Amsterdam is a popular city with expats – especially South Africans – who have Dutch roots and are attracted to this diverse city that is rich in history and tradition. Amsterdam is also one of the world’s top travel destinations and expats working in the city find themselves in a modern society where equality is valued and hard work is appreciated.
In the World Bank’s Ease of Doing Business Survey for 2017, the Netherlands ranked 28 out of 190 countries for 2017 and the country makes it easy to trade across its borders, ranking first in this category. For ease of starting a business it comes in at 28 and highly skilled expats in the retail, food processing, financial services and gas and oil industries are more likely to find employment in Amsterdam.
Despite all these positives, expats in Amsterdam have recently been warned that they need to be aware of real estate scams specifically targeting new arrivals in the city. The scams are countrywide but are specifically targeted at expats in Amsterdam.
The reason for the plethora of scams is that finding a flat or house to rent in Amsterdam can be a serious challenge for expats and new residents. There is a significant housing shortage in the city, especially in central areas and the market is skewed by rent-controlled public housing and unscrupulous landlords and agents.
If it looks to good to be true, it probably is.
Newcomers are advised to follow this old advice and are encouraged to get any real estate documents translated by a lawyer who is able to spot any warning signs that the deal may be fraudulent. Expats are also advised to get to know the basics of Dutch real estate agency processes and then take all the protective measures they can take.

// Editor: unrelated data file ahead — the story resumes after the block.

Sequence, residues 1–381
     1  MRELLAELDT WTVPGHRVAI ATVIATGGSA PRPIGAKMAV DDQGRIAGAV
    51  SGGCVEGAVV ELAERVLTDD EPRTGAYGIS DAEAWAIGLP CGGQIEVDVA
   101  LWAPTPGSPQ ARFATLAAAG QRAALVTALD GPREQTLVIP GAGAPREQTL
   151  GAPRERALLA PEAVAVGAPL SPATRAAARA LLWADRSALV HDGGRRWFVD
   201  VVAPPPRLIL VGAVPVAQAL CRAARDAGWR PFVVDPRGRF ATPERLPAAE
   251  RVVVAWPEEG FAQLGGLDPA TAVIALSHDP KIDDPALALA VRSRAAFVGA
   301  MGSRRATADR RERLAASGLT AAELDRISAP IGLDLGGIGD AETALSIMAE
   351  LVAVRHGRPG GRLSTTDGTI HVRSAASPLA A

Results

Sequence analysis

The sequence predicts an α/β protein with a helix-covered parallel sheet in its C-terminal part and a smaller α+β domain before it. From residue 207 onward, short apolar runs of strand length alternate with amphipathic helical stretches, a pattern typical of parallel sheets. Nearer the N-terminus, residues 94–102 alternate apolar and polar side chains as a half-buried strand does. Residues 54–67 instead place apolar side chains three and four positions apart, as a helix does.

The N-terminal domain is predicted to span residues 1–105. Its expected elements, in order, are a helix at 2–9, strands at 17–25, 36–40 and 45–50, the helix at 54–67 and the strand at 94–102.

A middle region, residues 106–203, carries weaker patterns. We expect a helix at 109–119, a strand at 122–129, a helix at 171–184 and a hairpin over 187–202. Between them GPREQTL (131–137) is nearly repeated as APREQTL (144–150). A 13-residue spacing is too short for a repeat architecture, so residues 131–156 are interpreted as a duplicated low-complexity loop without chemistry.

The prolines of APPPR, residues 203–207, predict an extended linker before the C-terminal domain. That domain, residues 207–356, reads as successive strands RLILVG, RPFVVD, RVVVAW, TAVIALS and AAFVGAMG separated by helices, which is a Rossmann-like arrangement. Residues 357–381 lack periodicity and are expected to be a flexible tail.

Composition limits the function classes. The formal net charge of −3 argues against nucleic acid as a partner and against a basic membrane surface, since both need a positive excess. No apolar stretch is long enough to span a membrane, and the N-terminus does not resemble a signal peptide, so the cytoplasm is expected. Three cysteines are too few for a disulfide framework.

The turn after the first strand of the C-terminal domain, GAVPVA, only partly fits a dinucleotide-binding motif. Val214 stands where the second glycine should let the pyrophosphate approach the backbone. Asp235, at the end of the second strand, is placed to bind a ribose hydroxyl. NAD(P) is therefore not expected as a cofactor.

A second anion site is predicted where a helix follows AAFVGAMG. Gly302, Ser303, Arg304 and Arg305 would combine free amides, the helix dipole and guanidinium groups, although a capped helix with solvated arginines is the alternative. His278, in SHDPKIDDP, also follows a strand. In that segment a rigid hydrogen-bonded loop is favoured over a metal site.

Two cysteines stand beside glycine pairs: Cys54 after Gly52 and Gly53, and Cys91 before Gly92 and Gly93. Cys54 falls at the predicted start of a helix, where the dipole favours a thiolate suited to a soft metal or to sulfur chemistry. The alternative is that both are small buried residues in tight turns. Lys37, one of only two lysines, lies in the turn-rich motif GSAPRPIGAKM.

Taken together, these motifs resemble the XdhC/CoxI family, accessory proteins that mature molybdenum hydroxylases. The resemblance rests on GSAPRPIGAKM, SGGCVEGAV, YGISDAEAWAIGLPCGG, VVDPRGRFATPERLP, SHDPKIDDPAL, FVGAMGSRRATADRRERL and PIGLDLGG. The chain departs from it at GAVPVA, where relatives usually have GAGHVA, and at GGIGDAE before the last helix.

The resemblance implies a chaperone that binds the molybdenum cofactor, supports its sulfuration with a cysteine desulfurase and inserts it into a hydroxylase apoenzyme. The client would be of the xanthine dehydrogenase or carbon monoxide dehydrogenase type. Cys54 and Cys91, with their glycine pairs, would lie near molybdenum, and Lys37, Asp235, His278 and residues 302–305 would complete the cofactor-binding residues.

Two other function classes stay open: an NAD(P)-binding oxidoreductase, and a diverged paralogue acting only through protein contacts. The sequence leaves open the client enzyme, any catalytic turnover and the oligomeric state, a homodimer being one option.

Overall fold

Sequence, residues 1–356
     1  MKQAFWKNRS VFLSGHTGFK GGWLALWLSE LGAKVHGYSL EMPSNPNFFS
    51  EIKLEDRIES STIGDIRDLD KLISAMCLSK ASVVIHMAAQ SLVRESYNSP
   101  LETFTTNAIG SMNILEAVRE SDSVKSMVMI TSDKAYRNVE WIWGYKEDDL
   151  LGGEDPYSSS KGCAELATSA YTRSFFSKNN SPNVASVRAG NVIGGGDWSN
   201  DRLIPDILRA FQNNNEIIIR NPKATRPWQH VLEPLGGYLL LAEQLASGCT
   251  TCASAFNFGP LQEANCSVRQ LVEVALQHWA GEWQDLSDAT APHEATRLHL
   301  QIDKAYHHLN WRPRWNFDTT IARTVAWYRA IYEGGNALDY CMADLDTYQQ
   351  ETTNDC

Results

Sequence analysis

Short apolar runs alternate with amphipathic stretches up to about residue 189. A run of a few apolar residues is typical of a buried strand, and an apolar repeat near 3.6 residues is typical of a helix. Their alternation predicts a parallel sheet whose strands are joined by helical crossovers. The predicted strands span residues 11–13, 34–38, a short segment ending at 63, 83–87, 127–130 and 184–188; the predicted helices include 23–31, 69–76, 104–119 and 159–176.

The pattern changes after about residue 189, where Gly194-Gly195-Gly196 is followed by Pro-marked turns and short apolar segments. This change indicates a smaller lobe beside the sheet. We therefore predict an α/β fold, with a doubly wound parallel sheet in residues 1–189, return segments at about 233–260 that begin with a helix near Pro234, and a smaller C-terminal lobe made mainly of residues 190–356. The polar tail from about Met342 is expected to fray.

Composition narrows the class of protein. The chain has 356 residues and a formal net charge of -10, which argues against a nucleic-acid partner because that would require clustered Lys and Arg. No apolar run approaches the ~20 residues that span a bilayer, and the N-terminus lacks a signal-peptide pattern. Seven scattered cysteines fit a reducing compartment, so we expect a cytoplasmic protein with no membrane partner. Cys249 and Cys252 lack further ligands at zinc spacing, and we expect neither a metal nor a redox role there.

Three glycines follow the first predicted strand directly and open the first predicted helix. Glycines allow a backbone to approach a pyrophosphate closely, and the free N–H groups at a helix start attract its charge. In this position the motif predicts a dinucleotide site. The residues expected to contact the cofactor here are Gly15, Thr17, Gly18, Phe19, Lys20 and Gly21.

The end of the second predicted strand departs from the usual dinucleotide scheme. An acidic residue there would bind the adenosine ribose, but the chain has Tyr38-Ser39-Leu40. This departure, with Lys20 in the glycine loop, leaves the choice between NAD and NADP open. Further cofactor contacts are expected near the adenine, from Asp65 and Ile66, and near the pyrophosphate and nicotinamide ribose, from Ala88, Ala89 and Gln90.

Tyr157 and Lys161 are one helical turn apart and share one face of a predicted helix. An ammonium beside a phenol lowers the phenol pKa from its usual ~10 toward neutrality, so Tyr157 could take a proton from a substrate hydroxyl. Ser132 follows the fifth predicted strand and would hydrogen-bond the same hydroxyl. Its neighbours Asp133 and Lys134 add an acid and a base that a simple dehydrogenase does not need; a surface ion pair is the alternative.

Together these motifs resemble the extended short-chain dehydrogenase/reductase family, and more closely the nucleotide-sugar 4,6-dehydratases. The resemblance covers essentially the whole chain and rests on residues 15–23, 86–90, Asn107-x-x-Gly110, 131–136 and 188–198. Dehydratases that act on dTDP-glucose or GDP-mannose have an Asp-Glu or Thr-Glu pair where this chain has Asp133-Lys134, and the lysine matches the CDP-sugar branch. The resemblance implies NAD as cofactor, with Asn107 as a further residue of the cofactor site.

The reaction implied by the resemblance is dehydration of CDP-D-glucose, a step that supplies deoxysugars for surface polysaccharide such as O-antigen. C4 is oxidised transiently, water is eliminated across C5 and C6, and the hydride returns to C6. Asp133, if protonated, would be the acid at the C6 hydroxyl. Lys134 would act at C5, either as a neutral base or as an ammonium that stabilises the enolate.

Things to look out for
A common scam includes asking expats to pay extra fees after they have found suitable accommodation. Another favourite scam is the reverse mortgage scam, in which expats who own their own homes are persuaded to take out reverse mortgages, which aren’t suitable for their circumstances and result in endless unspecified fees. Another common trick involves approaching new arrivals and persuading them they can own homes without giving a deposit – provided they pay additional fees. Also watch out for online property rental ads which request a bank transfer as a holding deposit as these can easily be scams. Look out for inconsistencies, for example where the email address does not match the website.
When in doubt, walk away
If any red flags are raised, it’s better to walk away. The Kadaster website will also give you information on the property owner, who should also be the landlord. If they are not, request written confirmation of the advertiser’s right to rent out the property. Pararius (pararius.com/english) is a useful site with a large listing of rental properties from trusted agents. Direct Wonen (directwonen.nl/en) is another large agent whilst Perfect Housing (perfecthousing.com) is a housing agency catering to the high-end expat market.
If you are a South African living in Amsterdam and would like to know more about how you can maximise your expat wealth through financial emigration, accessing your South African retirement annuity and our tailor-made tax solutions for South Africans around the world, contact FinGlobal today.